Recently we were breathlessly warned that Ottawa was rocketing up the lists for most days over 30° C. Yes, folks, in early July the nation’s capital shot from 79th to 68th place with 60th in sight. And by late July it was all the way up to 29th place. But the odd thing is that the top 5 years were all… (in ascending order) 1911, 1949, 1921, 1955 and 1876. Spot the pattern? Nor could we.
Famously, if you generate a set of readings using random numbers, even simply flipping a coin, you get pseudo-patterns, like those apparent paths in the woods that peter out after a few meters or tens of meters. Sometimes heads are on a roll, coming up eight times in 10. Sometimes tails. But for that reason a few hot years is not a trend (nor are a few cool ones) even if they’re not linked to some non-climate-related cause like an El Nino.
If someone throws dice a dozen times and gets seven every time, you might start wondering if they possibly tampered with them. And if you really did get a reliable pattern where the years kept getting hotter with minor fluctuations, you could reasonably suggest that something was going on, though even then you’d have to do a more plausible job of filtering out natural cycles than the computer models that just assume they don’t exist. But when you’re breathlessly closing in on a temperature record from 1921, it means the square root of nothing at all. Especially if 3rd place is held by 1916, 4th by 1955, 5th by 2018 and 6th by 1887. It’s the sort of thing you’d get from a monkey throwing darts.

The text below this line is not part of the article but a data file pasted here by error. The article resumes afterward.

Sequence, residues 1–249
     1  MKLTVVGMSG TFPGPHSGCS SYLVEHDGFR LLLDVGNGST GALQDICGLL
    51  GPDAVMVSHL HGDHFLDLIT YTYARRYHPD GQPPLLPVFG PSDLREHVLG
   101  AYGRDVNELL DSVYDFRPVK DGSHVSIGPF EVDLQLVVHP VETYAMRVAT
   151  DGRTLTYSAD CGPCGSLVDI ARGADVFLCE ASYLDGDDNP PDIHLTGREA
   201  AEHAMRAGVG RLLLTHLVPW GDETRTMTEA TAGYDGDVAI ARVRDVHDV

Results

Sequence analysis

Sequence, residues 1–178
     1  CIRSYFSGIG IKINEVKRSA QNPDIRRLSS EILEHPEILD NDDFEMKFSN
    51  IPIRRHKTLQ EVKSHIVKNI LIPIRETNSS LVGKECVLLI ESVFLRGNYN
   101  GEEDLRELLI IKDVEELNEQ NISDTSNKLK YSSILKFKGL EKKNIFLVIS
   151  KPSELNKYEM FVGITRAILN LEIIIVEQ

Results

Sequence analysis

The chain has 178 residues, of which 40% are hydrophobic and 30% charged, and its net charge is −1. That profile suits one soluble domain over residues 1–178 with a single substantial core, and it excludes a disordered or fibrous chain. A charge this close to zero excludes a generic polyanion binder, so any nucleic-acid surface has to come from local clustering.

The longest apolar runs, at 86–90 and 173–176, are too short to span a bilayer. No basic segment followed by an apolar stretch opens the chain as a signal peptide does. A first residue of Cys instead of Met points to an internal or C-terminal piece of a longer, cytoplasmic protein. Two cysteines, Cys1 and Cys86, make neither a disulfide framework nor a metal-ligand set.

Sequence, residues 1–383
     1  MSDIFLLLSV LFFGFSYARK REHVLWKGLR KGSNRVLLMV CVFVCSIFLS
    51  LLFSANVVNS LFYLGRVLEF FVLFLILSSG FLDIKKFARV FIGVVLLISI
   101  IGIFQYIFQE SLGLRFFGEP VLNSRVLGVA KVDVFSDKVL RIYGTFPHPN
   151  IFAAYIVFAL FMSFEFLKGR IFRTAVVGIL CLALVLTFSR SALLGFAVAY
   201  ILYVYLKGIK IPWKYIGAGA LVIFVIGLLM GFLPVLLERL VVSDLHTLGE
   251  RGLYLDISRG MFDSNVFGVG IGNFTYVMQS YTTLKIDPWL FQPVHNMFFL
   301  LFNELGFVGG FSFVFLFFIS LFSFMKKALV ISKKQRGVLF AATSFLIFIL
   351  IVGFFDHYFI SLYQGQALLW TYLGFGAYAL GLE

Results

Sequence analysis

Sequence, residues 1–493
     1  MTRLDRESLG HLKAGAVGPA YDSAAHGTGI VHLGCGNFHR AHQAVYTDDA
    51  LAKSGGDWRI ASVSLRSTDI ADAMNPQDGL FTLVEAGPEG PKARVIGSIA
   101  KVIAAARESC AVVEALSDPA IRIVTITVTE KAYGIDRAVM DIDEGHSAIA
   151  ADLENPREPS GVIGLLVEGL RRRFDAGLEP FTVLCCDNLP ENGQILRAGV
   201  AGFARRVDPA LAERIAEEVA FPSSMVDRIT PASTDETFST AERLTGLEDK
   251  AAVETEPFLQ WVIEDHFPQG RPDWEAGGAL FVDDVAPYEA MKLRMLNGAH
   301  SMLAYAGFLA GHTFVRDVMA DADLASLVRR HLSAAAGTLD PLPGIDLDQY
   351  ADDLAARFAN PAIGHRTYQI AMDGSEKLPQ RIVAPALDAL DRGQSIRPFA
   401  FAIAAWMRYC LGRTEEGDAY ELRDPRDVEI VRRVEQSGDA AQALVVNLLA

Then there’s the hype. For instance back on Canada Day BC set several records for high temperature. But you probably didn’t hear much about them because Vancouver’s record was for the lowest high temperature on Canada Day since 1960, just 14.8 °C, the average being 21. Now imagine if Vancouver had broken the previous high with a temperature seven degrees above average.
In Chilliwack it was even more remarkable: the high of 13.5 °C was the lowest in recorded history, a term here meaning “in 139 years”. Which got us curious, so we had a look around. Seems that if you go east from Chilliwack, which is now essentially a suburb of Vancouver, into the B.C. interior, Summerland and nearly Kelowna, the town whose mayor blamed the 2017 flooding and wildfires on climate change, also both set records in June. Also for low daily highs. Kelowna’s 12.8° C high on June 14 beat the 1912 record by over 2 degrees, while Summerland shaved half a degree off its 1912 record.
Then we checked the average temperatures for neighboring Washington State since 1895 and found that the hottest by a whole degree was 2016. But in 2nd place was 1934 and in 3rd 1958 whereas 1915 was the coldest, 1955 2nd and 1985 3rd. 2018 was also quite warm, nearly as warm as 1940. But after 2015 temperature plunged and 2019 was less than half a degree above the long-term average. What does it all mean? That weather is variable.